For Vision Transformer (ViT) base with 32x32 pixel patches (with 88M parameters total) we have

vit feature maps

Maximizing the activation of a subset of neurons in all patches yields the following feature maps:

vit feature maps

For single neurons in individual patches we have

vit feature maps

Similarly when we observe features of ViT Large 16 (which contains ~300M parameters in this configuration) which underwent weakly supervised pretraining before ImageNet training, we have

vit feature maps

MLP Mixer Feature Map

Thus far we have seen that we may recover feature maps from individual neurons of vision transformer encoder block outputs. It may be wondered if the same is true for attentionless transformers, introduced independently by Melas-Kyriazi and Tolstikhin. The model used on this page is that of Melas-Kyriazi, and may be found here.

These models do not use the attention operation to mix information between image patches but instead simply transpose the input and add a feed-forward layer (also called MLPs) applied to the embedding of each, followed by a second feed-forward layer across the patches. The order (mixing patches versus non-mixing layers) is therefore swapped compared to the ViT, and may be visualized as follows:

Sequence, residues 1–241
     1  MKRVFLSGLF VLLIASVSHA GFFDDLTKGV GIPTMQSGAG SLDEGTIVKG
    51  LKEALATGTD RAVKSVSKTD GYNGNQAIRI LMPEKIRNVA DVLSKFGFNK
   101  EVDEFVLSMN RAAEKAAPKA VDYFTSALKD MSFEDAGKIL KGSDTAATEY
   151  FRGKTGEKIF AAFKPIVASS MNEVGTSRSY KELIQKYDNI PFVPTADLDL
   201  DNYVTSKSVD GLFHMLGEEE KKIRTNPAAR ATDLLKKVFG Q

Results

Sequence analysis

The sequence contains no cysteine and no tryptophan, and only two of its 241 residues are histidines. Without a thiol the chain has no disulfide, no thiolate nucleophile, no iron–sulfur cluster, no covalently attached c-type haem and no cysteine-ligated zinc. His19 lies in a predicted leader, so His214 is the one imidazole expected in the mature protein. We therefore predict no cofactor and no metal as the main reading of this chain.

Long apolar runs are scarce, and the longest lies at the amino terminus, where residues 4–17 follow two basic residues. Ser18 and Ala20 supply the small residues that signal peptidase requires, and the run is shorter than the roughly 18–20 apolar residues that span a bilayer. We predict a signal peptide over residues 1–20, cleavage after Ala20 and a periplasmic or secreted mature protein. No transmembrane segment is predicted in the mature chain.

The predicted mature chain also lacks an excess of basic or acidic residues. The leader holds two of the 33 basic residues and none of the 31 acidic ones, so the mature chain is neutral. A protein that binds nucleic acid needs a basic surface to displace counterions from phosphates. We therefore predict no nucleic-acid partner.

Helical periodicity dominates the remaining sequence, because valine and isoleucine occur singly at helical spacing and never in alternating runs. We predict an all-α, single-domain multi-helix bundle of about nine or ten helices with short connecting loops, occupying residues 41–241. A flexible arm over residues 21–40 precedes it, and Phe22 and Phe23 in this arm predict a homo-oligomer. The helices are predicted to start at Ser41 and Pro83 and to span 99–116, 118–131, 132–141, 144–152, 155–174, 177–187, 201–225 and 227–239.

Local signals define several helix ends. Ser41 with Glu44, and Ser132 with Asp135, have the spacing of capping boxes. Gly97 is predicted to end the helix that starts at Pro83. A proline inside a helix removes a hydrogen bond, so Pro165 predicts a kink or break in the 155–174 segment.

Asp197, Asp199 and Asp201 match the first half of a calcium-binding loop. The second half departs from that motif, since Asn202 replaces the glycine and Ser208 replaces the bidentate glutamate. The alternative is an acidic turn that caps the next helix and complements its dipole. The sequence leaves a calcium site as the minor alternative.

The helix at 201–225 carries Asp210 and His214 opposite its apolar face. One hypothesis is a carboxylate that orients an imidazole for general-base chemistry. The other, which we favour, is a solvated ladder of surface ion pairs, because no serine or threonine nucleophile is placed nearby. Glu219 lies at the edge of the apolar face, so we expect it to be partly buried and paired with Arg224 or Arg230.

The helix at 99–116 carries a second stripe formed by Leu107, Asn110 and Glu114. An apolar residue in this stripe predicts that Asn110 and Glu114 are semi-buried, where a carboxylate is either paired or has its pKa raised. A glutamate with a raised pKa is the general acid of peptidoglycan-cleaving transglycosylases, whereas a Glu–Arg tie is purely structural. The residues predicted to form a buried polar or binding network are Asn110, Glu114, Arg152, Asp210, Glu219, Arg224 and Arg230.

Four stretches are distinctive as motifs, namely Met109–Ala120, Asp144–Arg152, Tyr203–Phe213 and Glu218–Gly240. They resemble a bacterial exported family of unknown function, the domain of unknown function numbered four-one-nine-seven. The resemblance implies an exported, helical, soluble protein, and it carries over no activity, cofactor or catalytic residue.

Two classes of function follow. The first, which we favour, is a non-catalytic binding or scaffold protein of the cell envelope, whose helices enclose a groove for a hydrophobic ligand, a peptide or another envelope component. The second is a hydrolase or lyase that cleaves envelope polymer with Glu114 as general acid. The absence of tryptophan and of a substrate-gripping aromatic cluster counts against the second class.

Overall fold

mixer features

As for vision transformers, we find that these models form features in which each neuron of the block output is activated by a stereotypical pattern in early layers, and that this pattern becomes more abstract and complex the deeper the module in question. It is interesting to note that these neurons correspond to the output of the mixer layer whereas the block output features for the ViT correspond to the output of the non-mixing MLP in that model.

mixer features